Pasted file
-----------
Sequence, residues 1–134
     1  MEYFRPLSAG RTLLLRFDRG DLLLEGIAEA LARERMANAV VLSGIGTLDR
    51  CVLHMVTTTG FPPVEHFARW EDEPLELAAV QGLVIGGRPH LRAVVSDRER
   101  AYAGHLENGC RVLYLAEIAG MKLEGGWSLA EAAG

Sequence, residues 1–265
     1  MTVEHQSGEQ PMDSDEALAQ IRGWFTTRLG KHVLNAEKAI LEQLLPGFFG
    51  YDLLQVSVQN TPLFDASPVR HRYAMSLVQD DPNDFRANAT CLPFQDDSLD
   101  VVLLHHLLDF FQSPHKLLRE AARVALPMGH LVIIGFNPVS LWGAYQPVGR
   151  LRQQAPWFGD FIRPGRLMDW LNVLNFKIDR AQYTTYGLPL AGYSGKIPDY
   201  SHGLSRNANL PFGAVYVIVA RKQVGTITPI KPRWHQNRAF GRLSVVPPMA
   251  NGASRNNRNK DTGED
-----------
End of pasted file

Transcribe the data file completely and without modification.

Sequence, residues 1–134
     1  MEYFRPLSAG RTLLLRFDRG DLLLEGIAEA LARERMANAV VLSGIGTLDR
    51  CVLHMVTTTG FPPVEHFARW EDEPLELAAV QGLVIGGRPH LRAVVSDRER
   101  AYAGHLENGC RVLYLAEIAG MKLEGGWSLA EAAG

Sequence, residues 1–265
     1  MTVEHQSGEQ PMDSDEALAQ IRGWFTTRLG KHVLNAEKAI LEQLLPGFFG
    51  YDLLQVSVQN TPLFDASPVR HRYAMSLVQD DPNDFRANAT CLPFQDDSLD
   101  VVLLHHLLDF FQSPHKLLRE AARVALPMGH LVIIGFNPVS LWGAYQPVGR
   151  LRQQAPWFGD FIRPGRLMDW LNVLNFKIDR AQYTTYGLPL AGYSGKIPDY
   201  SHGLSRNANL PFGAVYVIVA RKQVGTITPI KPRWHQNRAF GRLSVVPPMA
   251  NGASRNNRNK DTGED